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History of Hatherley Manor
History of Hatherley Manor

The parish of Down Hatherley lies in the Hundred of Dudston and Kings Barton, five miles from Tewkesbury, three miles from Cheltenham and four miles north east of Gloucester.

Detailed investigation relating to the chronological descent of the ancient holding of Hatherley Manor has revealed that the history of the manor began in 1022 under the name ‘Hegberleo’.

At the general survey of 1086 (Domesday), it was found that Edmar, a Thane, had held the estate of Hatherley during the reign of Edward the Confessor. The holding then being designated ‘Athelai’. During this time there were certain hostilities towards the family of Godwine, the family name of Harold, of Hastings. It would appear that after the death of Edward the Confessor, the land of ‘Athelai’ was stolen by Harold.

It is uncertain how long the land continued under crown control, however in 1311 it was held by Sir John de Willington and passed by marriage to Sir John Willoughby in 1389. His descendents, namely Sir John Willoughby de Broke, while aiding the cause of Henry Tudor on the Battlefield of Bosworth, was subsequently advanced to the peerage by the new monach. The estate was now in the hands of Lord Willoughby de Broke (1491).

Sir Fulke Greville, High sheriff (1543) MP (1547) married the greatest heiress then in England (heiress to the estate of Lord Willoughby de Broke). Once again by way of marriage, the estate found itself under baronial stewardship.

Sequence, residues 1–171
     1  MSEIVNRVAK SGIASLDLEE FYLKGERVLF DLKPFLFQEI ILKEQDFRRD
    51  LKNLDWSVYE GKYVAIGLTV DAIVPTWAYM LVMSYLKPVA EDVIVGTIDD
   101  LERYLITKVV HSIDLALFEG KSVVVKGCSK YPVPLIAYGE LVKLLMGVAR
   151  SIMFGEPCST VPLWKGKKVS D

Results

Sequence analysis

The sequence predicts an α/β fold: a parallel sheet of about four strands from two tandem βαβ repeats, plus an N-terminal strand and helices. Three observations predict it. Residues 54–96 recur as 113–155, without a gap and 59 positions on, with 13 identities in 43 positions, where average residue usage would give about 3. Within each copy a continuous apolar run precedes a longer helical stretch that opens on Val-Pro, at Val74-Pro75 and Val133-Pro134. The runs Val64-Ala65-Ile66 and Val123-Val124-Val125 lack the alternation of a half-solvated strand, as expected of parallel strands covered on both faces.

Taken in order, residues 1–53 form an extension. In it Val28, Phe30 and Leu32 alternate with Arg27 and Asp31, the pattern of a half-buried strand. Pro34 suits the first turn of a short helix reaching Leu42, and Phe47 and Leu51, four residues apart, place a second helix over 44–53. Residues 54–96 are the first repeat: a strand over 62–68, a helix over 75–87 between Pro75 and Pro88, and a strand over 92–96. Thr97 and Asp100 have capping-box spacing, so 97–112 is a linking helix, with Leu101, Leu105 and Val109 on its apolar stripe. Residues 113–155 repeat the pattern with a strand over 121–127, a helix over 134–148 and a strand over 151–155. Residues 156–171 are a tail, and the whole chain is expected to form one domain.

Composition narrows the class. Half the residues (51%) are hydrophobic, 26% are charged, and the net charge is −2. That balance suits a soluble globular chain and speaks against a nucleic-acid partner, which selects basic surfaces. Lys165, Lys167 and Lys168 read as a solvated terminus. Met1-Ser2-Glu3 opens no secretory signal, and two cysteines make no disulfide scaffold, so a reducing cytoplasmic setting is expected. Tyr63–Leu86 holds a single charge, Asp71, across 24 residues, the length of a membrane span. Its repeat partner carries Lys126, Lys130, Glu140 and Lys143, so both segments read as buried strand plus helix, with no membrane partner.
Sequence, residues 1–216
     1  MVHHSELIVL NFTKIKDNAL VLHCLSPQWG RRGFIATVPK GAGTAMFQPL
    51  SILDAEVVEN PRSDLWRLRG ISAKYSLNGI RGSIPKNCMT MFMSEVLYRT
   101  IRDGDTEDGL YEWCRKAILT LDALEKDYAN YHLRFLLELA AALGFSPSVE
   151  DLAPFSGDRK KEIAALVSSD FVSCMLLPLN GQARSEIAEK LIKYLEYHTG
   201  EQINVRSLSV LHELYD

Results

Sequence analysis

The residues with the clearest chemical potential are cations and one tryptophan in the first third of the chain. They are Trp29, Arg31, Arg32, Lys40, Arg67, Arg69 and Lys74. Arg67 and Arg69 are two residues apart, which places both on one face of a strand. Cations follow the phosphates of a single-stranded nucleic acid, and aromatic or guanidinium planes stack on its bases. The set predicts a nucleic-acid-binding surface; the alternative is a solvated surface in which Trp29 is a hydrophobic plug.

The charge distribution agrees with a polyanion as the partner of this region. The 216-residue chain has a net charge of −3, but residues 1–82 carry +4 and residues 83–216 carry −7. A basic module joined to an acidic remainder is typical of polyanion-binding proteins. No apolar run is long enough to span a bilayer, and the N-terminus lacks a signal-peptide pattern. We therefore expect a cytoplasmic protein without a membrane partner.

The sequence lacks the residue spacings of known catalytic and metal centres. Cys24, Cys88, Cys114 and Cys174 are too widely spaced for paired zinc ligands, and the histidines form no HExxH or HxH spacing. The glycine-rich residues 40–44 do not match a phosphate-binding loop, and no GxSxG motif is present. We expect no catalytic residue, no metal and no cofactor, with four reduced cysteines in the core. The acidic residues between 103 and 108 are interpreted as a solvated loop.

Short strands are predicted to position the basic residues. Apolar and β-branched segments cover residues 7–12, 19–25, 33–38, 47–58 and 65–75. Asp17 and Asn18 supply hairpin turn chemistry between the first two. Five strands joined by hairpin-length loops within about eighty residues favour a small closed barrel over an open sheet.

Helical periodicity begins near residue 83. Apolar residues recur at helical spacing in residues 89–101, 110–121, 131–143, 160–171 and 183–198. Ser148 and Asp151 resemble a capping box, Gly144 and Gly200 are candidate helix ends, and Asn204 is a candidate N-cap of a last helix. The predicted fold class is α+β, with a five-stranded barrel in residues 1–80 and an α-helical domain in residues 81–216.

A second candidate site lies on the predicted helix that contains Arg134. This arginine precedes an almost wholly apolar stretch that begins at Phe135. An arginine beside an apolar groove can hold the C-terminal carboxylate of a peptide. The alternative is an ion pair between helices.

There followed an uneventful period whereby the manor passed by various means through several families, until it was purchased by George Brett Esq. The Bretts were persona grata with Cromwell because of their support for the parliament cause. Rumour has it that the manor house was originally built for one of Oliver Cromwell’s illegitimate sons. However, this piece of 17th century scandal remains uncorroborated by the evidence.

Surviving both shot and sequestrians, Hatherley Manor found itself in the possession of Sir Matthew Wood, (Twice Lord Mayor of London) bequeathed as a portion of an estate by virtue of his executor status. Peerage confirms the connection with this family, William Page Wood. His love for Hatherley still remains, for he and his wife are buried in the grounds of the parish church.

By the middle of the nineteenth century, the manor was in the possession of Anthony Gilbert Jones, thrice mayor of Gloucester (1875 – 6, 1876 – 7 and 1881 – 2) and father of nine children. It was Charles Allen Jones, seventh and youngest son, who patented the now well known Hatherley ‘Lattisteps’, forerunner of the modern stepladder. It was Jones and Co who also drew up plans for the mass production of Deckchairs.

During the Jones occupation and later that of the De Winton family, the manor was subjected to extensive refurbishment which to some degree has changed the estates archaeological integrity, with such things as the addition of a moat. The seventeenth century house despite having been submerged by additions of the late eighteenth century and by enlargement of 1983-6 when it first took on the form of a hotel, still retains the imposing grandeur of a substantial gentry’s court house.

As you enter Hatherley Manor, as the Hotel & Spa that is today, you can see the history within the beams of the reception area, restaurant, The Beams room and The Swallows suite.